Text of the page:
How to Forge a Trowel From a Railroad Spike (Blacksmithing)

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In this video, I will show you how to create a useful, strong, and extremely durable garden trowel from a railroad spike. Any questions, leave in the comments here or on YouTube, I will answer both. Subscribe/like if you enjoy this video! Have a nice day!

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    12 Discussions


    5 years ago on Introduction

    I have about 15 spikes and have been wanting to make a knife I just need a forge. Is it possible to make an effective forge?

    1 reply

    It is very much possible. Do some googling around for some plans. All you need is a blower and some coal, and you can dig a hole in the ground and have a forge. That's how it was done back in the day! plenty of stuff on Instructables about forging.


    6 years ago on Introduction

    Forgive my asking, I can't understand spoken English. Maybe you said it, but I want to know if that steel is enough hard to do a tool, a knife, etc.

    7 replies

    No worries friend! The steel has a medium carbon content, so you can quench and temper it to make axes and knives. The knives might not hold an edge too long, but you can use the charcoal dust method mentioned by Phil B, or a substance called Casenite, which bakes in carbon to the outer layers of a piece of steel. When I quenched the trowel, I quenched it so it would be extremely hard and much less likely to wear down from use in the garden. On the Rockwell C scale, it's probably a 65 or 70.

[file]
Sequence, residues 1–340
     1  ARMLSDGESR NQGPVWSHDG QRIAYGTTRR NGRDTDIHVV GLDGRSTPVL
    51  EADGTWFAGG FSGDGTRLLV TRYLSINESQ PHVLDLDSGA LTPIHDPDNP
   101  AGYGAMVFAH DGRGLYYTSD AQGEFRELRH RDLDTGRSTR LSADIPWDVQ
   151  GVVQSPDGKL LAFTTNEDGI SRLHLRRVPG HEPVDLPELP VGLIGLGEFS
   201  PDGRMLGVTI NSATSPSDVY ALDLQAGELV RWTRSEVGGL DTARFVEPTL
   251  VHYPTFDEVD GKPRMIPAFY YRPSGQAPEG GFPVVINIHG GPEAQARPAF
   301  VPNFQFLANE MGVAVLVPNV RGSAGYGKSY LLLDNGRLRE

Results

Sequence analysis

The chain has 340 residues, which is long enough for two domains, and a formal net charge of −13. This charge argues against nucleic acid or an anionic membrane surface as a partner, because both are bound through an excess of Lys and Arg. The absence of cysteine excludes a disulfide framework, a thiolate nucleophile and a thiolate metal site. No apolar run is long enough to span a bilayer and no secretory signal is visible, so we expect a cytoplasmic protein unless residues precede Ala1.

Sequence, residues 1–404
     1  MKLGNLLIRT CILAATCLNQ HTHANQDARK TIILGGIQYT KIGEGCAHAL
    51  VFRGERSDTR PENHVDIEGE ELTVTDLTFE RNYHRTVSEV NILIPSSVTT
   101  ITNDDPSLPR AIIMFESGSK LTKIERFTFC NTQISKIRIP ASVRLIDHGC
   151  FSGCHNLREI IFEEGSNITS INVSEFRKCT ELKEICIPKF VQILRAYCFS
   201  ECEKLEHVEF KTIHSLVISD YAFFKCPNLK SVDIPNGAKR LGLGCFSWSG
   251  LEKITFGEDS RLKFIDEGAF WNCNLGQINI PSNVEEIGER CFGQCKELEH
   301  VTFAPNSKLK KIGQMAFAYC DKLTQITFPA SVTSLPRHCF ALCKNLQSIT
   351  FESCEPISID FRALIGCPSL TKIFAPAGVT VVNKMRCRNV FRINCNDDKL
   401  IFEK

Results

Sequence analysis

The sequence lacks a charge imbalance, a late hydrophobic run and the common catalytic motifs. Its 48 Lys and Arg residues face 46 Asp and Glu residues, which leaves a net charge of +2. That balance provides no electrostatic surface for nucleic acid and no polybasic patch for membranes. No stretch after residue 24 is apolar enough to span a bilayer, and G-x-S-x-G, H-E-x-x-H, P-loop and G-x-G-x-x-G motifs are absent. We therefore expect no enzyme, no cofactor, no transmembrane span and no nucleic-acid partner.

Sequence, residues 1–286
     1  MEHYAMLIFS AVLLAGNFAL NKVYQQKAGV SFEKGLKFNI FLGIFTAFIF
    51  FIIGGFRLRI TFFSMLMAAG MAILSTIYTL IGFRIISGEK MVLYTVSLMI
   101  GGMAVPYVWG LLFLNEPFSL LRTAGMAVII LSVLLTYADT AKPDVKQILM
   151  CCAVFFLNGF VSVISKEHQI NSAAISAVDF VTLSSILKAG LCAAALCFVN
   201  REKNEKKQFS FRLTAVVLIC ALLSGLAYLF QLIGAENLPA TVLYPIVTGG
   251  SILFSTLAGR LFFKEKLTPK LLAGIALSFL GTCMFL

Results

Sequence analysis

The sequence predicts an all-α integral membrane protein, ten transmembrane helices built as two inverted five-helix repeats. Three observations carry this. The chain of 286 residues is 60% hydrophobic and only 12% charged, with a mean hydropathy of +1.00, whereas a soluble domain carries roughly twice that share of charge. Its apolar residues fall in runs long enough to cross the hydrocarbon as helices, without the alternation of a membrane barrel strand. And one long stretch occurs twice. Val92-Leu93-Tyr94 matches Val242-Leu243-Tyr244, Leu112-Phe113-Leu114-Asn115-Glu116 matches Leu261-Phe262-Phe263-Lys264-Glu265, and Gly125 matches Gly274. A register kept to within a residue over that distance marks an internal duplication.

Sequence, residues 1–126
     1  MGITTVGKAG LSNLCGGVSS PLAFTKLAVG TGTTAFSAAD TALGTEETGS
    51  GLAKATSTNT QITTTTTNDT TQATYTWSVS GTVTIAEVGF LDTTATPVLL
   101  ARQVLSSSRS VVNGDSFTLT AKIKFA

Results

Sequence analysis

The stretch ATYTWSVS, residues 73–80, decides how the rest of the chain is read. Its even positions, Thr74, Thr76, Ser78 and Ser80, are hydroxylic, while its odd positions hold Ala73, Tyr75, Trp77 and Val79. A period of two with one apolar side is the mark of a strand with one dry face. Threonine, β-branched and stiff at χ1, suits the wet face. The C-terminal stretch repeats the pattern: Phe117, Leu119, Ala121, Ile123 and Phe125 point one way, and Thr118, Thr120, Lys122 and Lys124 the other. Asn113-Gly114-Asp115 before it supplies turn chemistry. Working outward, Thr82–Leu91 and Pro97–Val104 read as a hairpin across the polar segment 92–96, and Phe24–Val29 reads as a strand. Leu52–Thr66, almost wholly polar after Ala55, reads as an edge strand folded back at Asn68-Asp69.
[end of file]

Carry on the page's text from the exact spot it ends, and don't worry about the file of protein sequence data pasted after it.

Can you say what is Casenite? I have Potassium ferrocyanide, almost pure. It is used to "cement" tools, but the hard coat is very very tiny and brittle.

    Casenite is very old compound, but I found a similar compound called "Cherry Red" which is like Potassium Ferrocyanide, but not toxic, and produces a thicker coating. You can also put charcoal dust on the railroad spike and on the anvil while forging to bake in some of the carbon. Here is the link to "Cherry Red"

    Thanks for your info. Potassium Ferrocyanide is not toxic, to my knowledge. I think you can obtain a thicker hardening making three or more times the coating, and doing it at higher temperatures. When the piece is white red, it is the best moment to cement it.

    Phil Brimar2000

    Reply 6 years ago on Introduction

    Osvaldo, I watched the video. He did not say how hard the the steel is when finished. He did say after grinding an edge onto the trowel he quenched it "to lock in hardness." I know many people forge a knife from a railroad spike. I have also read that repeated heating, pounding, and cooling of the metal causes it to become harder. But, I have also read that those who make knives from railroad spikes also place a little charcoal dust on the anvil before pounding out the cutting edge of the blade in order to mix some carbon with the steel and make it harder.

    You can temper the finished product, but that is more for knives than trowels. I just quenched it to be extremely hard (and consequentially brittle) so it could withstand the rigors of garden work. Even with it being "brittle" from the higher temperature quenching and lack of tempering, the blade of the trowel will never break.


    6 years ago on Introduction

    nicely made. I like that modified monkey wrench you used to twist the spike. Did you make that yourself?

    1 reply